Review: Insomnia (dir. Christopher Nolan, 2002)

Memento, a smart, stylish neo-noir about a vengeful widower with memory problems that told its story backwards, proved director Christopher Nolan could work wonders with an original idea and a decent gimmick. Now Insomnia, a fairly straightforward and much more linear remake of a recent Norwegian thriller, shows Nolan can be just as compelling when he’s reworking more conventional material. This film marks one of those rare moments when a European story works fairly well in the hands of an American cast; perhaps the fact that Nolan is British helped.

The main character in both films is a cop who travels north of the Arctic Circle during the summer, when the sun never sets, to investigate a murder. There, he does something, quite by accident, that he is desperate to cover up; and thanks to the harsh, unforgiving light that never stops pouring in through his hotel room window, despite his best efforts to block it out, he is sleepless with guilt. The hallucinations he begins to have, in his sleep-deprived state, don’t help either.

In the earlier film, the cop was a Swede played by Stellan Skarsgard, and the murder took place in Norway; here, the cop is from Los Angeles and is played by Al Pacino, and the murder takes place in Nightmute, Alaska. The script, by Hillary Seitz, makes subtle changes to the story in order to make the character more sympathetic and complex; he has a sharper moral compass now, which makes his transgressions all the more troublesome, and he is neither the sexual aggressor nor the hater of animals that he was before. In both films, the cop shoots a dog as part of his cover-up, to trick his colleagues into thinking the bullet has passed through human flesh, but in the American film, the dog is not alive when he shoots it; in fact, it is dead and decaying long before he stumbles across it, which may give the film an even creepier sense of foreboding, even as it absolves him of wrongdoing in the eyes of dog lovers. One change that is anything but subtle: the insomniac cop is now named Will Dormer, which may seem heavy-handed to anyone who remembers their grade-school French.

It gives nothing away to reveal that the killer the cops are looking for is a crime novelist named Walter Finch, who is played by Robin Williams in a rare dramatic turn. Finch insists the murder was an accident, but he is fascinated just the same by the change that has come over him since he broke the greatest taboo of all. Finch also happens to know the secret Dormer is trying to hide, and he uses this to blackmail Dormer into helping him pin the blame for the murder onto the victim’s boyfriend. Like Pacino, Williams has a reputation for going over-the-top, but Nolan gets tense, restrained performances out of both of them, and the constant one-up-manship between them is quite suspenseful; it is especially unnerving to see how lost Dormer seems to be, when he realizes that his ability to figure someone out and push their buttons may be slipping.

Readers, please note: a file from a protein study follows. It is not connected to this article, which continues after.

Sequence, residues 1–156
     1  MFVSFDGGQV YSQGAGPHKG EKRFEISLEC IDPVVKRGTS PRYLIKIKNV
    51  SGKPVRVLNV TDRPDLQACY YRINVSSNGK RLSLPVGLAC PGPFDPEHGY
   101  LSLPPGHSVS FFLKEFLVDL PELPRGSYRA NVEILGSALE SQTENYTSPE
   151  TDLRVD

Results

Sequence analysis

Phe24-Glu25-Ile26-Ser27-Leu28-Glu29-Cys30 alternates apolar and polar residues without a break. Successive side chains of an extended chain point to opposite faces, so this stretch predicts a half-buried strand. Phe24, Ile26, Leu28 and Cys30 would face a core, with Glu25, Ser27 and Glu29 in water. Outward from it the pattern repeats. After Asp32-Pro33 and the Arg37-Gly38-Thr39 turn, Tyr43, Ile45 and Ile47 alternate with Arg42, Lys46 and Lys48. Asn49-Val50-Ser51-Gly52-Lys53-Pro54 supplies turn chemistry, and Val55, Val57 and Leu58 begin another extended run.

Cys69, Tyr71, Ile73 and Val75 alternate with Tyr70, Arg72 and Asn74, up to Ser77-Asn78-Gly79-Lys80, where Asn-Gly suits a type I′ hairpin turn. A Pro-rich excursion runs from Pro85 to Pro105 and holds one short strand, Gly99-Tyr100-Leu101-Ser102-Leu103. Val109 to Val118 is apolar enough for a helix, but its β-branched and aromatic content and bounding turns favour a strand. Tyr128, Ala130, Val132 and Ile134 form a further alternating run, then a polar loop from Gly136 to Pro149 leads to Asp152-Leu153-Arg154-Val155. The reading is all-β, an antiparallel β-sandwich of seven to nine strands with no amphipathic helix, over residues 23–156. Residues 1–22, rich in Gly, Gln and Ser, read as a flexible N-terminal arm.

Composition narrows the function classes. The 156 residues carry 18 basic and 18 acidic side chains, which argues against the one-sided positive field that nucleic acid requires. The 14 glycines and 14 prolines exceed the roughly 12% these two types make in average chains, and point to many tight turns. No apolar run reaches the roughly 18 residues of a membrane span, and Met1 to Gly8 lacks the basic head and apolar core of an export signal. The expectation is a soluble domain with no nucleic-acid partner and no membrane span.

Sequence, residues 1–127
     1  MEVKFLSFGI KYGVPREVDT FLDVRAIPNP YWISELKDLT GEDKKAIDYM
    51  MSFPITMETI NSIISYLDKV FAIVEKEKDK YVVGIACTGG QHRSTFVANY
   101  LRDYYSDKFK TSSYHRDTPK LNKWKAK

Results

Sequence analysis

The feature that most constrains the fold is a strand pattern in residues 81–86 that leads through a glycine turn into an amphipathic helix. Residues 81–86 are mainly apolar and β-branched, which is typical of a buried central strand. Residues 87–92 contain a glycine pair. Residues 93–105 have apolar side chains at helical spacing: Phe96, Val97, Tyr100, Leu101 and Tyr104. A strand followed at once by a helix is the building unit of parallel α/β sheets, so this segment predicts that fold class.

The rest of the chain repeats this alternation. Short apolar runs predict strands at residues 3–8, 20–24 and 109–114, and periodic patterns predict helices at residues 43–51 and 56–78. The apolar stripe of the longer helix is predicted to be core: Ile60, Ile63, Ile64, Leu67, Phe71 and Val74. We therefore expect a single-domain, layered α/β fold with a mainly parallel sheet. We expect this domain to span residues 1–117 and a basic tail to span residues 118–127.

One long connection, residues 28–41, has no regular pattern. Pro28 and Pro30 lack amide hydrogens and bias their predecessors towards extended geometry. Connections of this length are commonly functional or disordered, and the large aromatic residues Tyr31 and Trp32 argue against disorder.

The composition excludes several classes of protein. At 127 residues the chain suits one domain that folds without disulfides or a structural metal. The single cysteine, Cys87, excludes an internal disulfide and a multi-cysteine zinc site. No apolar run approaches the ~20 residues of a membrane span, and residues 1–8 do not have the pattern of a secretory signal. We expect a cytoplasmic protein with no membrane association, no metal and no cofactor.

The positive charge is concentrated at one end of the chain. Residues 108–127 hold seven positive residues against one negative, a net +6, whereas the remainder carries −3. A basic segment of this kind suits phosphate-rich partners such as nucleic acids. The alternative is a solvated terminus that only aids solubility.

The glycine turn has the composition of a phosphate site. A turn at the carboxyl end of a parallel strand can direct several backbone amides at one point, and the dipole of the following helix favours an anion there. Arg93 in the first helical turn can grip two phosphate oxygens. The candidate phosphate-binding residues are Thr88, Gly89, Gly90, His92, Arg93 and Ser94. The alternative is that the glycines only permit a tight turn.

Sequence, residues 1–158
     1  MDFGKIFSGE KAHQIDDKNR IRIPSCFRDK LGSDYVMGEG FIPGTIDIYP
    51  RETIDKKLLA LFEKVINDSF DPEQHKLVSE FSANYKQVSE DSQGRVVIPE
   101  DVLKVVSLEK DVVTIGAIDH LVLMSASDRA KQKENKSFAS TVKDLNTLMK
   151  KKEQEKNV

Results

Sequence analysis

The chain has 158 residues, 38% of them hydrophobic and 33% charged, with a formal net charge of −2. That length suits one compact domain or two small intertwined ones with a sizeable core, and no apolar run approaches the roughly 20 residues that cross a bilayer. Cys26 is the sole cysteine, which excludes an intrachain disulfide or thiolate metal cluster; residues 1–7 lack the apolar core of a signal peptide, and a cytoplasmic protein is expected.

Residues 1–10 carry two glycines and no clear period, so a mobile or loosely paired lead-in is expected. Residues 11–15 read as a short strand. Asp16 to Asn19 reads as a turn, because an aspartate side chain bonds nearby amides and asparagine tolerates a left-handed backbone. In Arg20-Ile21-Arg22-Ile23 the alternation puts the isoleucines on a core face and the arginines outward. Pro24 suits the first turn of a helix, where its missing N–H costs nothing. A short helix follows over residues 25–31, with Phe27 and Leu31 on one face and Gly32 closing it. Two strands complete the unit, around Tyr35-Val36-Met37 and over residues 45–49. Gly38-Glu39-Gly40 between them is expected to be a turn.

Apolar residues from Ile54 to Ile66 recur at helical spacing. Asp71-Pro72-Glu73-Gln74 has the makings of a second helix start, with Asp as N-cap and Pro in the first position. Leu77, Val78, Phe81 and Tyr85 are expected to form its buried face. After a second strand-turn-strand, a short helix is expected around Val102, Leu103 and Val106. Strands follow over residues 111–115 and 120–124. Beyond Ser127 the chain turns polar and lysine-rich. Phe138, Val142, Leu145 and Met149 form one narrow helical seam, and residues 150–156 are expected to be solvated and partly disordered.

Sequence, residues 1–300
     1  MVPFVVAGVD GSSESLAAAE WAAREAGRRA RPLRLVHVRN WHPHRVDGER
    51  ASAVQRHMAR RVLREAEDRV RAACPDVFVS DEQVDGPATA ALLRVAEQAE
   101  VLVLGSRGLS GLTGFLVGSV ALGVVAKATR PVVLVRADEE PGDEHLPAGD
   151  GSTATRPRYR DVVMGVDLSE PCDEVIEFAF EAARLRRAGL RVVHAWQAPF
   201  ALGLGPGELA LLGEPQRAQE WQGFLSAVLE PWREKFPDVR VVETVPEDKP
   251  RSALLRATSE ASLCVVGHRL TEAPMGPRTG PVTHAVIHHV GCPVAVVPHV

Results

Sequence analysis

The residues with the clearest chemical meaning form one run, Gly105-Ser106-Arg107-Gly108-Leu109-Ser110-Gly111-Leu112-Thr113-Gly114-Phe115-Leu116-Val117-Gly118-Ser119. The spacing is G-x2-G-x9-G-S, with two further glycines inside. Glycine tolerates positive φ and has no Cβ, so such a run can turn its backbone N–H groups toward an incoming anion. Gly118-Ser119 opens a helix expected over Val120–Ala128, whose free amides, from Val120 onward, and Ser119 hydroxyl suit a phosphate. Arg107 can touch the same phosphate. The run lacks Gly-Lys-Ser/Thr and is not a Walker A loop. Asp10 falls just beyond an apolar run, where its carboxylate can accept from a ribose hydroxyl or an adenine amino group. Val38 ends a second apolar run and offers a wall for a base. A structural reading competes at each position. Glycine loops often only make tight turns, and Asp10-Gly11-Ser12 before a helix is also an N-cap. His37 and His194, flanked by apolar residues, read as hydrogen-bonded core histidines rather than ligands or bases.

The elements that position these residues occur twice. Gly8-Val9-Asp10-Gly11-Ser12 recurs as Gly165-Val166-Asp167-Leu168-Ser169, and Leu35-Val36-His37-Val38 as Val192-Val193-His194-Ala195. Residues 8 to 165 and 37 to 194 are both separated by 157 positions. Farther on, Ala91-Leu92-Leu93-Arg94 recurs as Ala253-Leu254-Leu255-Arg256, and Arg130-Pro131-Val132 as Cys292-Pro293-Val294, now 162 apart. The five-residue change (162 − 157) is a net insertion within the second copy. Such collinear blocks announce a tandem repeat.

The supporting cast is equally excellent, beginning with Hilary Swank, who brings depth and intelligence to what could have been a forgettable role; she plays the local police officer who is almost giddy at the thought of working with an investigator as renowned as Dormer — she even wrote her thesis on him — but when he begins to doctor the evidence, she’s smart enough to notice that something is wrong. Martin Donovan, as Dormer’s partner, and Maura Tierney, as the hotel receptionist, are also effective in small roles, and so is Richard Linklater regular Nicky Katt, who provides a bit of comic relief as one of the Alaskan cops. Wally Pfister’s cinematography is also quite stunning, from a pivotal chase through the fog to a later scene in which Dormer nearly drowns beneath a log boom. Even better, although Insomnia takes place in Alaska, much of it was filmed here in B.C., and the province has rarely looked better.

– A version of this review was first published in the Vancouver Courier.

About Peter T. Chattaway

Peter T. Chattaway was the regular film critic for BC Christian News from 1992 to 2011. In addition to his film column, which won multiple awards from the Evangelical Press Association, the Canadian Church Press and the Fellowship of Christian Newspapers, his news and opinion pieces have appeared in such publications as Books & Culture, Christianity Today, Bible Review and the Vancouver Sun. He also contributed essays to the books Re-Viewing The Passion: Mel Gibson’s Film and Its Critics (Palgrave Macmillan, 2004) and Scandalizing Jesus?: Kazantzakis’s The Last Temptation of Christ Fifty Years on (Continuum, 2005).


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